23 Aug Embracing God’s Invitation
Within the past month, two stories have appeared in the newspaper that put the randomness of life on vivid display. In one instance, the randomness was tragic; in the other, inspirational.
The two events both occurred on beaches, but the beaches were over 5000 miles apart. In San Diego, California, a family was gathered to celebrate Elizabeth Cox’s survival of breast cancer. Without warning, a 30-foot long slab of the cliff above them collapsed, sending tons of sandstone on to the beach. Cox was killed instantly at the scene, while her sister, aged 65, and niece, aged 35, died later at local hospitals.
Just a week prior to this tragedy, another dramatic scene played out at a beach near Dublin, Ireland. A six-year old girl on a pink flamingo-shaped raft was carried out nearly half a mile into the choppy waters of the Irish Sea. Four brothers, who were visiting Ireland from the D.C. area, had just unpacked their towels, after arriving for a relaxing day on the beach. Within seconds, they were sprinting into the water and swimming toward the girl for what would become an almost hour-long rescue effort.
Three of the brothers had been competitive swimmers, while the fourth is an ultra-marathoner. After finally reaching the little girl, they took turns swimming on their backs with the girl on their chests as they made their way against the current back to shore. Beachgoers rushed to cover the girl in layers of towels as the brothers moved her into a beach tent erected to protect her from the elements. A rescue crew and paramedics arrived and took the girl to a hospital. She was later released.
Ironically, the brothers had traveled to Ireland to celebrate the life of their recently deceased grandfather, whose brother drowned on the same date decades before the rescue. “It’s kind of like this godly, guardian angel kind of feeling, that the same day he drowned 64 years ago is the day we actually saved the life of a 6-year-old girl,” said one of the brothers.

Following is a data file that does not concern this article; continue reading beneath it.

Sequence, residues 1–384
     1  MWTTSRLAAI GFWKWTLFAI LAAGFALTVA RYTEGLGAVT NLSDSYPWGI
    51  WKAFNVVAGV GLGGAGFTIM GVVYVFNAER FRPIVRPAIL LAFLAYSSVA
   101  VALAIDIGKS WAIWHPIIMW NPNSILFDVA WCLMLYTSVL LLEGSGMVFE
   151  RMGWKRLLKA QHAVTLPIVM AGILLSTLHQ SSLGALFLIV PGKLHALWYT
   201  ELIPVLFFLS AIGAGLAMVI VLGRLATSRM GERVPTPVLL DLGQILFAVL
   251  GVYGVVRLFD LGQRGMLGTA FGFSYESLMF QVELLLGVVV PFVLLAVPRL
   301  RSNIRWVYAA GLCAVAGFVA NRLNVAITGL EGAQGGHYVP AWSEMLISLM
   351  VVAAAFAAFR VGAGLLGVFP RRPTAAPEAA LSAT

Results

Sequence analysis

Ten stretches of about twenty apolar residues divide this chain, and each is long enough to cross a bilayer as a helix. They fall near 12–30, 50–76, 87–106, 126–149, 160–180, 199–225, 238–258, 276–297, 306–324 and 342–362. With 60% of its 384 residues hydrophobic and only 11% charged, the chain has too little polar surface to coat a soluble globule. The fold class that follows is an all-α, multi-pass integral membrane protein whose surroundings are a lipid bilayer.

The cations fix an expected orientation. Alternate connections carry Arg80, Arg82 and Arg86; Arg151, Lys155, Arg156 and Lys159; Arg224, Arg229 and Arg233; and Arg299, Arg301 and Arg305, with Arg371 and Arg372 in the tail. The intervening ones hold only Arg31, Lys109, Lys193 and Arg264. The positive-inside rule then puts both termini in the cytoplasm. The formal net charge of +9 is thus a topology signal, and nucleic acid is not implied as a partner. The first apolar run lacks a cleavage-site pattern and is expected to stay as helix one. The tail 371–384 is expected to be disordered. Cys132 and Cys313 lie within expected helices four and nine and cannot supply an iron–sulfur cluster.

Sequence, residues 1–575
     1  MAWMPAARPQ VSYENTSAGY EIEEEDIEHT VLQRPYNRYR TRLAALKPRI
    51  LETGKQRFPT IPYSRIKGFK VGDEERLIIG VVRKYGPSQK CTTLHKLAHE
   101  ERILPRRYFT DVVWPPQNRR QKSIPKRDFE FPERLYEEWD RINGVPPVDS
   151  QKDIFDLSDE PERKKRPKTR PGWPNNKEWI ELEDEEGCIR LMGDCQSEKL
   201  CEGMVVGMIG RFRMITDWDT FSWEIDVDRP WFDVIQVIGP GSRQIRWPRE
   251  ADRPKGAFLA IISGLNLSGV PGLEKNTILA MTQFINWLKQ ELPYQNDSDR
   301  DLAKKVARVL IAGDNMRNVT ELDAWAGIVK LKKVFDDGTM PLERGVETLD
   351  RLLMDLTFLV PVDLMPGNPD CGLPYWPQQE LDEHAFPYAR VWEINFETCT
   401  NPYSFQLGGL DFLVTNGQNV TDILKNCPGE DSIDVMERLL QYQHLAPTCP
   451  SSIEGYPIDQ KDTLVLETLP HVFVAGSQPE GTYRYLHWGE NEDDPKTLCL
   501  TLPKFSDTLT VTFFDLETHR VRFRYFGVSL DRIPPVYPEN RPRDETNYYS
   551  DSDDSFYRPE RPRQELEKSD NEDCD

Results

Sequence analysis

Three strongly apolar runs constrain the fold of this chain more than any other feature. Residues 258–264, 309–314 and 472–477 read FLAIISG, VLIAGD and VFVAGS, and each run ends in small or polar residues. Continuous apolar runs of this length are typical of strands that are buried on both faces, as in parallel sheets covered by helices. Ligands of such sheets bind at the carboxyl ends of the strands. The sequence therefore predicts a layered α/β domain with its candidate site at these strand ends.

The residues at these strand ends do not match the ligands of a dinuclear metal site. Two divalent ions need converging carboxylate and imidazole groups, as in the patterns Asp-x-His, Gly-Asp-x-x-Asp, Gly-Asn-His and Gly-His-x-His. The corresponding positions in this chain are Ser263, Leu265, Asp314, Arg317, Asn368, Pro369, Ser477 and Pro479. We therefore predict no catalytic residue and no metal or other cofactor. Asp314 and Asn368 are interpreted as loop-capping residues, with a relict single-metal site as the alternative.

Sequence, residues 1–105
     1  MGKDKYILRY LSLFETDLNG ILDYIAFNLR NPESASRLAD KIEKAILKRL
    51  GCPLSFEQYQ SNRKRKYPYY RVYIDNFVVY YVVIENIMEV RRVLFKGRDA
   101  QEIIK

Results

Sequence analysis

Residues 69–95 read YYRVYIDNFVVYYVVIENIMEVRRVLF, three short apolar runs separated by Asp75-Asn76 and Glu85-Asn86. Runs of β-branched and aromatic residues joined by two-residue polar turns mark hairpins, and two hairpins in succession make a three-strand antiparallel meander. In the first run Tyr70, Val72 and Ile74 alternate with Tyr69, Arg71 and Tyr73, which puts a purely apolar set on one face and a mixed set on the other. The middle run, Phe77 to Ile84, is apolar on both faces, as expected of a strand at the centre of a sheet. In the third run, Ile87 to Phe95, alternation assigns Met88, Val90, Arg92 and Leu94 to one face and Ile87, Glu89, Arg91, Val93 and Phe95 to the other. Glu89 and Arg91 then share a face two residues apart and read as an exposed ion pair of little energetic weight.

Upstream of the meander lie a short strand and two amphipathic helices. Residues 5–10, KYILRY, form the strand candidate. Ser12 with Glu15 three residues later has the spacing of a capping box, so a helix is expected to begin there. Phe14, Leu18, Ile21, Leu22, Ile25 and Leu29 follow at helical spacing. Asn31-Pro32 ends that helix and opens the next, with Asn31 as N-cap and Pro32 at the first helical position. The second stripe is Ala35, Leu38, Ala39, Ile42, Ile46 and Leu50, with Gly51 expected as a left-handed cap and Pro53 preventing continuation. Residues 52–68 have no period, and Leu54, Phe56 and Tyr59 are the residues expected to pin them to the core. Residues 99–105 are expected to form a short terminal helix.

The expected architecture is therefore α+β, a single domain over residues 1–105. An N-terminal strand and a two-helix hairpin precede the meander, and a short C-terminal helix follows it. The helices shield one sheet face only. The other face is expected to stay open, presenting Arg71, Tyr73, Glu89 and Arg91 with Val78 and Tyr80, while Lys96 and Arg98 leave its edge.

It’s easy to feel a sense of gratitude to God for the heroics of the four brothers and to celebrate their dramatic rescue of a little girl. But what do we do with the other story? How do we see God’s hand at work in the life of a woman who survived all the months (or years) of pain, treatment, and illness of breast cancer, only to lose her life in a freak accident on the very day she gathers with her family to celebrate her recovery?
Too many times we want life to be simple and neat. We want the good guys and gals to win and the bad ones to be punished. And truth be told, all too often we want God and faith to work that way, too. We want to be able to explain away the randomness that at various times creeps—or crashes—its way into our lives. But we can’t. These are precisely the times when waiting, trusting, and acceptance become our work and often, our “dark night of the soul.” Difficult things are bad enough, but when they are unfair, random, and seemingly without purpose or meaning—these are the events that rock our world and bring us to our knees.
I want to urge you to embrace the invitation that is embedded in the random events of life. Don’t rush to dull the pain or explain anything or find meaning. Simply sit with God and wait. “Wait with me for a while. I have much to tell you. You are walking along the path I have chosen for you. It is a privileged and a perilous way” (from Jesus Calling, by Sarah Young).
Privileged and perilous, yes. It is also the way of abundant life.
Yours for the Kingdom,